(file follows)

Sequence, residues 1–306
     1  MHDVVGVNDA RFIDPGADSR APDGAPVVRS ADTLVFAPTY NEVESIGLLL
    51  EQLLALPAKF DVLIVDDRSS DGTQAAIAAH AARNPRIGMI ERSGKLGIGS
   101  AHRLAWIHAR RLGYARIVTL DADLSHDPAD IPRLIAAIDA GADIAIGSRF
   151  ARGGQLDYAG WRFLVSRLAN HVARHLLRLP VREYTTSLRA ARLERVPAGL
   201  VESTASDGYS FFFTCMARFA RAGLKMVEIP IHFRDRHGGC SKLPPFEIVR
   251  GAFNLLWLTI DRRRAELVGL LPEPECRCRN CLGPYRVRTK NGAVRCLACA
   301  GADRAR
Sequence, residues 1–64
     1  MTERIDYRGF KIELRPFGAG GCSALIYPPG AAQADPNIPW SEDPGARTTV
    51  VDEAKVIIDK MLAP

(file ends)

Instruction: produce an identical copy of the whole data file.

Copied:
Sequence, residues 1–306
     1  MHDVVGVNDA RFIDPGADSR APDGAPVVRS ADTLVFAPTY NEVESIGLLL
    51  EQLLALPAKF DVLIVDDRSS DGTQAAIAAH AARNPRIGMI ERSGKLGIGS
   101  AHRLAWIHAR RLGYARIVTL DADLSHDPAD IPRLIAAIDA GADIAIGSRF
   151  ARGGQLDYAG WRFLVSRLAN HVARHLLRLP VREYTTSLRA ARLERVPAGL
   201  VESTASDGYS FFFTCMARFA RAGLKMVEIP IHFRDRHGGC SKLPPFEIVR
   251  GAFNLLWLTI DRRRAELVGL LPEPECRCRN CLGPYRVRTK NGAVRCLACA
   301  GADRAR
Sequence, residues 1–64
     1  MTERIDYRGF KIELRPFGAG GCSALIYPPG AAQADPNIPW SEDPGARTTV
    51  VDEAKVIIDK MLAP